Brighton, as well as the larger RiNo District, are to be the entryway to downtown Denver from both I-70 and DIA, by way of the new A-Line rail, under the vision of the North Denver Cornerstone Collaborative (1). A focus on mixed-use and pedestrian- and bike-friendly spaces is the major theme in both the Brighton and RiNo plans, and the position of the 38th and Blake railway station as perfectly located to serve this area is no coincidence, given the central role of the district as the northern gateway to downtown Denver, within the larger NDCC project. As the last stop from DIA before Union Station via train, this part of town will offer visitors and returning residents their first real view of the downtown Denver area and, if successful, could provide an example for other districts in terms of integrating infrastructure, transportation, and cultural improvements in order to promote a healthy and safe mixed-use neighborhood for all types of people and businesses (2). In order to do this, however, it will have to find a balance for the needs of bikers and pedestrians, without compromising the viability of the Brighton corridor as a critical industrial transportation line. These two interrelated and adjacent projects seem to have met with very little direct opposition, apparent from the fact that new Business and General Improvement Districts have been formed by property and business owners in the area specifically to contribute to furthering the goals of these two projects (3). Because this area was formerly dominated by industrial business use, its planned transformation into a more usable, accessible, and friendly district has not been confronted with any significant stakeholder groups opposed to this change, other than the usual, and important, concerns about the potential for rising rents, or gentrification, as the area becomes more popular (4). These concerns are well founded, however, and some fear that the same unique artistic presence that has helped developers capitalize on the area’s growing popularity might be one of the first victims of gentrification; the increasing presence of retail and residential use can only serve to limit, more and more, the space previously affordable to artists (5).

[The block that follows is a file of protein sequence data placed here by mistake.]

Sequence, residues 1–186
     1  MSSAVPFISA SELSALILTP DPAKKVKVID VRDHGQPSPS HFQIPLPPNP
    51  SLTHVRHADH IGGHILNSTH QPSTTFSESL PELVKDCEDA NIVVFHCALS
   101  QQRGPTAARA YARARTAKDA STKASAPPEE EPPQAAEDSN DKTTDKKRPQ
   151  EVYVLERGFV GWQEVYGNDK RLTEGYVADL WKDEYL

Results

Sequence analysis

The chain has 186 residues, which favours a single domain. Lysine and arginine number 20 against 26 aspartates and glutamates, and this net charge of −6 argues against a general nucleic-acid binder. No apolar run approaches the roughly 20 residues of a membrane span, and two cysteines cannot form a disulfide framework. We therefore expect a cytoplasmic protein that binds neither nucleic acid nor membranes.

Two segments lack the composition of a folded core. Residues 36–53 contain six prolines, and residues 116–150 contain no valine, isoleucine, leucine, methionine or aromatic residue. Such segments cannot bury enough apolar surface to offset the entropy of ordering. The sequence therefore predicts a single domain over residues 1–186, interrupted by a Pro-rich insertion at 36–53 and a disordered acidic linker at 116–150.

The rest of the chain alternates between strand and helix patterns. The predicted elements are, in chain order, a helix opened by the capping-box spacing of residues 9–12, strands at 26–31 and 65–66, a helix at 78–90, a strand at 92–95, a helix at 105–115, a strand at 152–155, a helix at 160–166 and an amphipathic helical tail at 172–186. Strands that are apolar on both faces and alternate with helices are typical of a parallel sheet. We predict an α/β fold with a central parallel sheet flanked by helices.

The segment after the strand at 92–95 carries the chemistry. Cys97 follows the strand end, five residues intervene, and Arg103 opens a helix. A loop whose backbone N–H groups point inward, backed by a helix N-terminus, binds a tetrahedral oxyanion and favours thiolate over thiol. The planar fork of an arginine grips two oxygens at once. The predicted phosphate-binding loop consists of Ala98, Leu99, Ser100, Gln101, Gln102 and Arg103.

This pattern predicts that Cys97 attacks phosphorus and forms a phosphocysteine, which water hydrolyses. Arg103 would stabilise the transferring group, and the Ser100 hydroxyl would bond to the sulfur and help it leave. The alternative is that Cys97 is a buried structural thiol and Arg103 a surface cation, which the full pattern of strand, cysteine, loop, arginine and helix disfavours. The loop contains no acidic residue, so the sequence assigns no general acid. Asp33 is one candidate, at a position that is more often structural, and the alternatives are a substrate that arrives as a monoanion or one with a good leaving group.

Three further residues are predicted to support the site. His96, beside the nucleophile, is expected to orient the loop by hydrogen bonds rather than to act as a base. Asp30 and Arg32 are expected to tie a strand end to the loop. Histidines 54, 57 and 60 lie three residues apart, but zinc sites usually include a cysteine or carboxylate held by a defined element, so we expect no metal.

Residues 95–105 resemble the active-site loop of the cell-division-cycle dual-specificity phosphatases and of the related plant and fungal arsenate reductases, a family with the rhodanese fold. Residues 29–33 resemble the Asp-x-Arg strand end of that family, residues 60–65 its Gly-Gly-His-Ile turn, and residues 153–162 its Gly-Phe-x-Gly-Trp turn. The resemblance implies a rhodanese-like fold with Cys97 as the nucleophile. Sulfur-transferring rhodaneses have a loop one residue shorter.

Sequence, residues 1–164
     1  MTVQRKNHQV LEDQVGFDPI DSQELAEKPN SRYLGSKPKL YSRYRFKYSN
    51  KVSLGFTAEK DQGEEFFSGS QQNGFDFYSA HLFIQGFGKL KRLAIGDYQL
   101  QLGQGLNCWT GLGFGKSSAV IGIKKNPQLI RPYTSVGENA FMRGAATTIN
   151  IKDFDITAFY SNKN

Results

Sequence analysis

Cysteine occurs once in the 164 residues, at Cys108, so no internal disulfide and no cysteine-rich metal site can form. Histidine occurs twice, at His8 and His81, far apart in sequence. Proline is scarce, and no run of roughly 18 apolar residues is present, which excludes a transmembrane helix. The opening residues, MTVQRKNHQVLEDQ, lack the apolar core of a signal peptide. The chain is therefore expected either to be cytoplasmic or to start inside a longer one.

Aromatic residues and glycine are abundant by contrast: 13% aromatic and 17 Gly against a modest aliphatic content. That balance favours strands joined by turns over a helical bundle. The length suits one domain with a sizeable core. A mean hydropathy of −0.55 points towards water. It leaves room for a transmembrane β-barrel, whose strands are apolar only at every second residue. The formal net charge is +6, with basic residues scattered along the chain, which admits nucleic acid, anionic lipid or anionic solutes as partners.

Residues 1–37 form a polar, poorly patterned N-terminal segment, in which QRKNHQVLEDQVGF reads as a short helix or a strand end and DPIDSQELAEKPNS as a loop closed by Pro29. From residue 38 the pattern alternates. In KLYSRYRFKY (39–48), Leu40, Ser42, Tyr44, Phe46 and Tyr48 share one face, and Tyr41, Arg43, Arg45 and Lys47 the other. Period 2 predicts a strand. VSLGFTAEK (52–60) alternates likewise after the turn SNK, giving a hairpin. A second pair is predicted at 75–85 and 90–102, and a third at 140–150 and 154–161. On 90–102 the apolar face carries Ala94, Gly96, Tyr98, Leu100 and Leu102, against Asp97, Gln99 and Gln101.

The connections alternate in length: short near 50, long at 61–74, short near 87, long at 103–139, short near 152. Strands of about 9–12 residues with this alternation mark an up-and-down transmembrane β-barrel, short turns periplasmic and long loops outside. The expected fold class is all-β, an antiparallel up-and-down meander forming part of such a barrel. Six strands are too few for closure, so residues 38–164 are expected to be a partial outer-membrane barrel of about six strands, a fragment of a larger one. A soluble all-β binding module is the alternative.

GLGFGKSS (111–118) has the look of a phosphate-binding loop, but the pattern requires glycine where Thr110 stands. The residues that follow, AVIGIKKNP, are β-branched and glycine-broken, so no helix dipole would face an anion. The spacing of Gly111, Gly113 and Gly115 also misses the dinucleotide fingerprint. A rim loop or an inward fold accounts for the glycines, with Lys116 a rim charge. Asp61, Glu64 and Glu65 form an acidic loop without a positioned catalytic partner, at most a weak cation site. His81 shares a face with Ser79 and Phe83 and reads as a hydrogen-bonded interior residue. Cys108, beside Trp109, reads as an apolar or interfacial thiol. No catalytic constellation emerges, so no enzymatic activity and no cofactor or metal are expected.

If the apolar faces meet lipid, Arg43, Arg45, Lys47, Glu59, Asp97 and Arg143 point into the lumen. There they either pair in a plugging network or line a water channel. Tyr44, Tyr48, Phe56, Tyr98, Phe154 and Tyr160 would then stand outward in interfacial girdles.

1. Justin. “The Vision for Brighton Boulevard.” Denver Urban Review. 08 Apr 2015. Web. http://denverurbanreview.com/2015/04/the-vision-for-brighton-boulevard/ [Accessed on 29 Jan 2016]
2. Dano, Mike. “RiNo Rising: Brighton Boulevard and the Transformation of River North.” Confluence Denver. 27 Mar 2013. Web. http://www.confluence-denver.com/features/rinorising_022713.aspx [Accessed on 29 Jan 2016]
3. Murray, Jon. “River North tax plan aims to spiff up art district by pooling money.” Denver Post. 28 May 2015. Web. http://www.denverpost.com/news/ci_28201839/river-north-tax-plan-aims-spiff-up-art [Accessed on 02 Feb 2016]
4. Jones, Corey. “Amid rising rents, artists try to hold on to Denver’s River North Art District.” Colorado Public Radio. 29 Jan. 2015. Web. http://www.cpr.org/news/story/amid-rising-rents-artists-try-hold-denver-s-river-north-art-district [Accessed Feb. 23 2016].
5. Jones, Corey. “Amid rising rents, artists try to hold on to Denver’s River North Art District.” Colorado Public Radio. 29 Jan. 2015. Web. http://www.cpr.org/news/story/amid-rising-rents-artists-try-hold-denver-s-river-north-art-district [Accessed Feb. 23 2016].